Posted on February 4, 2011 by spikexan
Available at RPGNow.com
You can go many ways with a zombie. Desperate horror is just as likely as Romantic comedy anymore. They are seriously everywhere, which is probably why they are such a threat.
I’m not going to overanalyze them. People much smarter than me have already done that. What I will do is say I ran a super hero zombie one-shot for some friends once and enjoyed the Hell out of it. I also played a convention game where zombies were the main attraction (liked that too). For the most part (and this isn’t fair really), zombie games have a one-shot feel to them. Some games like Zombie Run (an excellent Savage Worlds adventure) and the zillion plus supplements for All Flesh Must Be Eaten suggest ways to make longer campaigns, but I always felt like zombie games were filler (like a blockbuster summer flick) than a campaign (like Walking Dead). I’m hardheaded and wrong, which this book quickly points out.
The artwork in the book all comes from Tony Guaraldi-Brown and this consistency gives it some bite. Overall, I like the artwork and layout. It has a feel similar to the Nightbane artwork. Some, like the piece on page 13, are a little garbled, but still works to capture the feel for this book. I don’t mind art leaving things to the imagination as long as it doesn’t look shoddy. Mostly, the pieces are good, not great. One last mention . . . zombie baby scares me.
The book is broken up into five chapter, an appendix, and a scenario. Each chapter fixates on an aspect of the zombie game and works to detail it. The appendix offers stats on everything from zombie animals to zombie zookeepers (use the cop template and I’m right). The final “chapter” is an American Civil War scenario with zombies! You think you’re cocky with a semi-automatic against the undead masses? How would you do with single shots or six-shooters?
Chapter One (Zombie Origins) is straightforward ideas on various ways to bring zombies into your campaign. Did God do it? Space rocks? The military machine? All of the classics are here. Some are well-traveled ground while others prove fresh. With the subject matter, it’s hard to be totally original. Rohan shows a knowledgeable overview of the most likely candidates for a zombie outbreak them and gives them adequate face time. He knows this is familiar, which (I assume) is why he devotes only six pages to it.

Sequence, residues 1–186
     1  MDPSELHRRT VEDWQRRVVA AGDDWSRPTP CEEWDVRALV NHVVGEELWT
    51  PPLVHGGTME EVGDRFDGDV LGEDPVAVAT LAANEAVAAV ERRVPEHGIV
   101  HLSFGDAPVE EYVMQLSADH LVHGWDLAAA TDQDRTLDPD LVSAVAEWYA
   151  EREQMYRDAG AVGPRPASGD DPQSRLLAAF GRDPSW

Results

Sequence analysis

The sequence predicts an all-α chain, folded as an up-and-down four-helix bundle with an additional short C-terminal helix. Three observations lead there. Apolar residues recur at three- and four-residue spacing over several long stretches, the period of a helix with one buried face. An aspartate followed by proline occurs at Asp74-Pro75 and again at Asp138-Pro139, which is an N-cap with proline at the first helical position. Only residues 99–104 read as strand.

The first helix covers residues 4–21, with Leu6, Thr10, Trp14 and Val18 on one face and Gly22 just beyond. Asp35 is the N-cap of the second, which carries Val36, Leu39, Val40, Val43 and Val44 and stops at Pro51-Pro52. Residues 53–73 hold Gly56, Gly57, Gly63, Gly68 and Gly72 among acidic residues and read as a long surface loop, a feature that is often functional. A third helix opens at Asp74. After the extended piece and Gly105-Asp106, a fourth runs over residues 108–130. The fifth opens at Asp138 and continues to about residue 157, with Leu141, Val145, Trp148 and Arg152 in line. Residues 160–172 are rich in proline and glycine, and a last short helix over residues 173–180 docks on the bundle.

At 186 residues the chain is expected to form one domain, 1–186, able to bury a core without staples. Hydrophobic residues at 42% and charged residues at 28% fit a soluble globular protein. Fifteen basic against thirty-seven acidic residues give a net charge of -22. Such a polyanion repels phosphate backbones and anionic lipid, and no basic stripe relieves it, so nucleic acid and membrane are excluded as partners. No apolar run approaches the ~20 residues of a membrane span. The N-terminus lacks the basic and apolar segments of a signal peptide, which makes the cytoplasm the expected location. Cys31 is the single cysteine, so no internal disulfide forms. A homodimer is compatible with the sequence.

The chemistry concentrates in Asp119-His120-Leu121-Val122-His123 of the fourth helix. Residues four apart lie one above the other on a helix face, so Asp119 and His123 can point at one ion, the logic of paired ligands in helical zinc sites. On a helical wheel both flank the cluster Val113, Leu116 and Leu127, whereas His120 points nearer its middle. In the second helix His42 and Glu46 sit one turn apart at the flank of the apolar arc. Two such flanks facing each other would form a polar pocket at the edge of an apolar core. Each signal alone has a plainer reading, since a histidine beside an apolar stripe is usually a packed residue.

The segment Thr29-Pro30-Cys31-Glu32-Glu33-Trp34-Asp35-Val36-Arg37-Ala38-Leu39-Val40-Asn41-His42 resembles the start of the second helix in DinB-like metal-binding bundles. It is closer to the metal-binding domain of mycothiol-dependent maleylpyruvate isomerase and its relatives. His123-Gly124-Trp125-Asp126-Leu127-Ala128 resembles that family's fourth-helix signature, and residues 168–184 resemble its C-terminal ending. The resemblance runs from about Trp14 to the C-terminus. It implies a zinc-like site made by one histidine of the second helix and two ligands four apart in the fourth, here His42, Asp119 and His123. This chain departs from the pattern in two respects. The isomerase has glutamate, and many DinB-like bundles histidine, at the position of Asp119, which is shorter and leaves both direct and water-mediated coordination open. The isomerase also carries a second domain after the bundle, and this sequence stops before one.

Chapter Two (Zombification) details how the process is spread, possible resistance to it, and the changes to characters transformed by the process. The coolest thing about this chapter are all the options you have with creating zombies. Want a zombie to retain their intelligence and skills? You can do that. How fast do you want that bite to infect? Days? Seconds? There are rules for that too. The various graphs have a neat look to them as well (wrinkled paper). It doesn’t get in the way of the read and is well-organized.
Chapter Three (Survival) lays out how to make it in a world gone zombie. Sanity rules, the pros and cons of staying in groups, and more is found in this brief chapter (8 pages). I expected to find something about weapons here, but . . .
Chapter Four (Fighting Zombies) investigates every weapon picked up to kill a zombie, no matter how odd. From letter openers to Napalm, readers will find way to utilize these weapons for Savage Worlds. By the way, be careful with the explosives . . . Savage Worlds can be unforgiving. What you won’t find detailed much are guns. This is okay though, since the corebook (which you will need to get the most out of this book) handles those rules already. Standard weapons aren’t really in this book. It’s more about the special ones you either pick up off the street or at an abandoned military complex.
Chapter Five (Scenarios) is my favorite chapter. There are numerous scenarios established here with various traits to define how many players should play, what kinds of rewards are available, and how likely it is that all the players will die. They bounce all over the place and throughout time. Renaissance adventures are detailed next to wartime ones. These mostly support my one-shot bias towards the genre, but some have long-term usage.
I’ve already detailed what I need to about the Appendix, so let me jump to the adventure at the book’s end. There is a brief Civil War primer, weapons list for weapon from that era, setting descriptions, and much more. Although it’s the most fleshed-out scenario, it really isn’t too long-term in design either.
Overall, this is a useful supplement for fans of the genre and Savage Worlds. It has a great deal of material to mine if not use whole cloth. Accessible and fun, it can be useful in a gaming pinch when you need that excellent convention game (especially a late night one when the attendees start resembling the subject material). My scores for Zombacalpyse are:
Artwork/Layout: Four out of Five dice (the layout knocks it up a point)
Writing: Four out of Five dice (solid)
Overall: Four out of Five dice (could be popular with various groups)
Review by Todd Cash